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Dreadnaught

Review by: 
Blackgloves
Release Date: 
1981
Studio: 
HK Legends
Genre: 
Martial Arts
Format: 
DVD
Region: 
2 PAL
Aspect Ratio: 
2.35:1
Directed by: 
Yuen Woo-ping
Cast: 
Yuen Biao
Leung Ka-Yan
Yuen Shun-Yee
Movie: 
4
Extras: 
3
Bottom Line: 
4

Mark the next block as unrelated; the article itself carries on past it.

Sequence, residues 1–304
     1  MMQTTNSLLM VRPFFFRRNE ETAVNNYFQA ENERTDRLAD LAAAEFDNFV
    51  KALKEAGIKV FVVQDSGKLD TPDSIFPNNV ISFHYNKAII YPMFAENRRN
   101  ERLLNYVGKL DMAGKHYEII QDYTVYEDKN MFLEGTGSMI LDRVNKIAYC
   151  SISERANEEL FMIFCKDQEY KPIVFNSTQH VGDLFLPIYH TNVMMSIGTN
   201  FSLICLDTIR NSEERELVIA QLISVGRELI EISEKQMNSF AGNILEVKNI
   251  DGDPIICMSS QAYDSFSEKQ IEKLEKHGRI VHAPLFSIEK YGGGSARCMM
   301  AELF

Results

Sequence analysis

The great Chinese opera star, Kwan Tak-Hing, immortalised the revered Chinese folk hero, Wong Fei-Hung, in over one hundred films during the course of his career. Although rarely presented in a historically accurate fashion, Wong Fei-Hung continued to appear in many Martial Arts movies, with the likes of Jackie Chan (in the self directed "Drunken Master") and Jet Li (In Tsui Harks's "Once Upon A Time In China") portraying the hero in various stages of his life. Director and fight choreographer, Yuen Woo-Ping, has long been connected with Fei-Hung's movie life: he directed Chan in "Iron Monkey" and choreographed the fight sequences in "Once Upon A Time ..."; but "Dreadnaught" sees Woo-Ping overseeing (as both director and fight co-ordinator) the return of the stately Kwan Tak-Hing to the role of Wong Fei-Hung in an entertaining and original return to old-school kung fu action (as opposed to the wire assisted fantasy sequences he choreographed for Jet Li's series of films). In the late seventies, when kung fu and Bruce Lee were all the rage, Hammer brought their usual formula, consisting of Dracula, vampires and Peter Cushing, together with asian martial arts action, in the somewhat unlikely (but strangely entertaining) horror/action 'epic', "Legend of the Seven Golden Vampires". By the early eighties, the horror genre seems to have been having an even stranger reciprocal impact on Hong Kong cinema: the slasher boom was beginning to take off -- and this Golden Harvest production reflects that influence with its rather incongruous inclusion of a host of slasher conventions, uneasily shoehorned in alongside the familiar slapstick comedy skits and the clever demonstrations of martial arts prowess that usually make up the content of these flicks. Ironically, the aged Kwan Tak-Hung's dignified presence does rather remind one of the late Peter Cushing; he has a similar calm, commanding charisma that lights up the screen and makes all the madness that surrounds him during the movie watchable, no matter how objectively ridiculous it may appear. The only real drawback with his appearance, here, is that his character is not made nearly enough use of, and appears in only a few set-pieces dotted punctually throughout the movie, while the great majority of screen time goes to the comic antics of Yuen Biao. Nevertheless, these few sequences are enough to give "Dreadnaught" that extra kick of gravitas; and Yuen Woo-Ping's pre-Hollywood (he went on to choreograph "Kill Bill" and "The Matrix") horror/action fest is one of the more excitable and deranged of old-school kung fu classics.